- Some questions are addressed to both spouses, while others are for only the husband or Whatever the case, be sure to discuss all your answers with your spouse.
- Husbands and wives can share a book, but they should each have their own
- While the goal is for couples to talk about their answers with each other, they should not do the work together or use the same workbook. That’s because some questions are designed to be answered separately from each other, then discussed when you are back
- Plan the location and atmosphere in which you will discuss your responses: Would it be best over a meal together, or while on a walk? Most couples find it easier to be more consistent if they choose the same time and place each
TAKE YOUR TIME AND PRAY!
There is no rush. Allow time for prayer, conversation, and reflection. Do not hurry to answer questions, ask questions, or share your responses. So that you both have the opportunity to make the most of each lesson, consider working through no more than one chapter per day. Pray as a couple when you begin and conclude your times together. (If for some reason you are not able to do the workbook with your spouse, you should still pray.) When you begin, pray specifically for
- graciousness and honesty in answering the questions
- humility in receiving your spouse’s responses
When you conclude, pray specifically for
- your spouse to be the husband or wife God wants him or her to be
- the Holy Spirit’s help in applying what you have learned and making the appropriate changes
Finally, remember to thank God for the gospel that equips you to have the healthy, joyful, Christ‑centered relationship He desires for you.
As you grow together, you may be surprised to discover bumps along the way. In chapter 2 of Your Marriage God’s Way, on page 26, you’ll read this:
As you work your way through this book, if you find yourself feeling frustration toward your spouse, recognize that God can use this for your good. Romans 8:28 says, “We know that all things work together for good to those who love God, to those who are the called according to His purpose.” This can apply to marriage problems too. God is calling your attention to the areas in which you need to improve, and the best way to help each other grow is to be willing to ask each other tough questions.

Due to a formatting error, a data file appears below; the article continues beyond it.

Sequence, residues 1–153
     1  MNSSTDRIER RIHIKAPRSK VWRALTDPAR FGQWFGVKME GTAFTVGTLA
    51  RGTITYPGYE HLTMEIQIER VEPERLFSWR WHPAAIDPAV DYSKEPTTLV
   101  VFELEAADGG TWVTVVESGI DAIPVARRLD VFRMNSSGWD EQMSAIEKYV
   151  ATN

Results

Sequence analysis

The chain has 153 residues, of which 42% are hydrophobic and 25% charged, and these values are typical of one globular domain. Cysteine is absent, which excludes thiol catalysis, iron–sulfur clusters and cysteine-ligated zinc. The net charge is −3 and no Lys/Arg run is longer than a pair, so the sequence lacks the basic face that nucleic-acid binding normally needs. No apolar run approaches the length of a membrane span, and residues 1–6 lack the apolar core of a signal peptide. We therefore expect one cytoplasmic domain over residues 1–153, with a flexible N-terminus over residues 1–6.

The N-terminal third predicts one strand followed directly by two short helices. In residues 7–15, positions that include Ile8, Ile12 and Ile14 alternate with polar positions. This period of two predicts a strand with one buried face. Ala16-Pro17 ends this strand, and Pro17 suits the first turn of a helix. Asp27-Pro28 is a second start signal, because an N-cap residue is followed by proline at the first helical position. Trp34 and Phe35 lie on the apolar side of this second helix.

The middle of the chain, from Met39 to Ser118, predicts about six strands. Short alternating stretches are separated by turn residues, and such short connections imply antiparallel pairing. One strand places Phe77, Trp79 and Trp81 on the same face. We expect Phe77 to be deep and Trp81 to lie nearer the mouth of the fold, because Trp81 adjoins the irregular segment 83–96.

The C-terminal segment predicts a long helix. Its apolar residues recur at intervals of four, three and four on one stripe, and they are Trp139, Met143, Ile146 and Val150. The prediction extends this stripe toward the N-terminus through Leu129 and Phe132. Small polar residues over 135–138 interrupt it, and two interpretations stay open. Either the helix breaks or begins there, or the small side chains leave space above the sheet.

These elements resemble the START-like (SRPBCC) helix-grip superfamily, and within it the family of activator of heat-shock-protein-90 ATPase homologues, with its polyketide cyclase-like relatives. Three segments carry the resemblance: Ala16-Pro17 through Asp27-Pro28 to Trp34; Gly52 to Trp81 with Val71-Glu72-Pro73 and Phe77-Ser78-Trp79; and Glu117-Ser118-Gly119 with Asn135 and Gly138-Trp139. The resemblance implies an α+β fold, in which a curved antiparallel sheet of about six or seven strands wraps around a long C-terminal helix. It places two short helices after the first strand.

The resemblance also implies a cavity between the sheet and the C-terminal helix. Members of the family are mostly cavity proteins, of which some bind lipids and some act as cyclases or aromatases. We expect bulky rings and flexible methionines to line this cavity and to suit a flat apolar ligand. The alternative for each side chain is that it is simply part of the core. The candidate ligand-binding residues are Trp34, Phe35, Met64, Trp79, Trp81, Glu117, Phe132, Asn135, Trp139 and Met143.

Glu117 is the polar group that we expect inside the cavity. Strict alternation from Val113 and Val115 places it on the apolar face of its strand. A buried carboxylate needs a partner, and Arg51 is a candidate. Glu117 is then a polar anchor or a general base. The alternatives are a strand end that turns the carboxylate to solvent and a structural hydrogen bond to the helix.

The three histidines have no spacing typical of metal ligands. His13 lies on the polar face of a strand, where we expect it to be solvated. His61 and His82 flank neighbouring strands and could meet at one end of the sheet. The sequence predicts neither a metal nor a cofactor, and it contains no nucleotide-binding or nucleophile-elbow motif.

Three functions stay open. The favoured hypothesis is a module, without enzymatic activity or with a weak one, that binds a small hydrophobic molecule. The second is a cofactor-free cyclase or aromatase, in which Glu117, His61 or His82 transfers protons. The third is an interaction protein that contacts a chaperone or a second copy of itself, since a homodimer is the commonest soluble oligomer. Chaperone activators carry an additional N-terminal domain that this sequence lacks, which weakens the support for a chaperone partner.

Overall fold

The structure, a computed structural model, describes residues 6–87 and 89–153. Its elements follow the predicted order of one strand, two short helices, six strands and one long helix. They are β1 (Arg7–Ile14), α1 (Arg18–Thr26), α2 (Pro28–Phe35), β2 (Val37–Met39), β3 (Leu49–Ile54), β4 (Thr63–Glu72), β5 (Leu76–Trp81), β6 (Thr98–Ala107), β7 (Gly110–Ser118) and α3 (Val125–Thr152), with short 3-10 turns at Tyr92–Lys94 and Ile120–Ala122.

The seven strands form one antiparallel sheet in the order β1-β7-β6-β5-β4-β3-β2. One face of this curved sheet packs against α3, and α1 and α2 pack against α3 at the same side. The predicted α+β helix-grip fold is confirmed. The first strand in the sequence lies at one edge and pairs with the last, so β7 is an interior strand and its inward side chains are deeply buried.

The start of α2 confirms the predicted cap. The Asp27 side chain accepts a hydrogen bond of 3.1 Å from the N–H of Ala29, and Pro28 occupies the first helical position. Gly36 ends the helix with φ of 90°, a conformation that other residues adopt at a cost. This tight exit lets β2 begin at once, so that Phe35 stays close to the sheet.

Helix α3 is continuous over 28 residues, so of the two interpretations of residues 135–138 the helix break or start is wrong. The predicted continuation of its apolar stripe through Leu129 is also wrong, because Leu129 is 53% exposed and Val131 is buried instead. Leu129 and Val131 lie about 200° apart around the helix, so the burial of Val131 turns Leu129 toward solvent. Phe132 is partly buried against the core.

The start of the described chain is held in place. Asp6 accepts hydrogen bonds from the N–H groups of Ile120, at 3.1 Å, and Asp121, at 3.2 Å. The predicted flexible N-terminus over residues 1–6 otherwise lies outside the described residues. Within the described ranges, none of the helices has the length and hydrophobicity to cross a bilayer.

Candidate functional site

This will be true as well when you use this workbook. Whenever you experience tension, remember, God is at work strengthening the weak areas of your relationship.
FOCUS ON THE WAY YOUR SPOUSE FEELS
Many questions in this workbook include the word feels. This is because
- it is not a question of whether a husband thinks he loves his It is a question of whether his wife feels loved.
- it is not a question of whether a wife thinks she respects her It is a question of whether her husband feels respected.
Consider these two passages from Your Marriage God’s Way:
- “Note the emphasis here is on how a wife feels. A husband might insist, “My wife is the supreme priority in my She is more important than anything else.” But the wife might not feel that way. A wife’s perception is her reality. It’s not about what the husband thinks, but about how the wife feels” (page 125).
- “A wife who does [these things] will have a husband who feels respected” (page 137).
Focus on the way your spouse feels. Then, after learning that, make the appropriate changes that will make it possible for your spouse feel differently. The unwise alternative is to disagree with or try to talk your husband or wife out of feeling the way he or she does. In the section titled “Embrace the Struggle,” you’ll see this:
For example, a husband might say, “Outside of the Lord Himself, do you feel like you are taking second place to anything in my life?” If a wife answers that she does not feel she is the supreme priority in her husband’s life, the husband should not try to talk her out of the way she feels or persuade her to see things differently.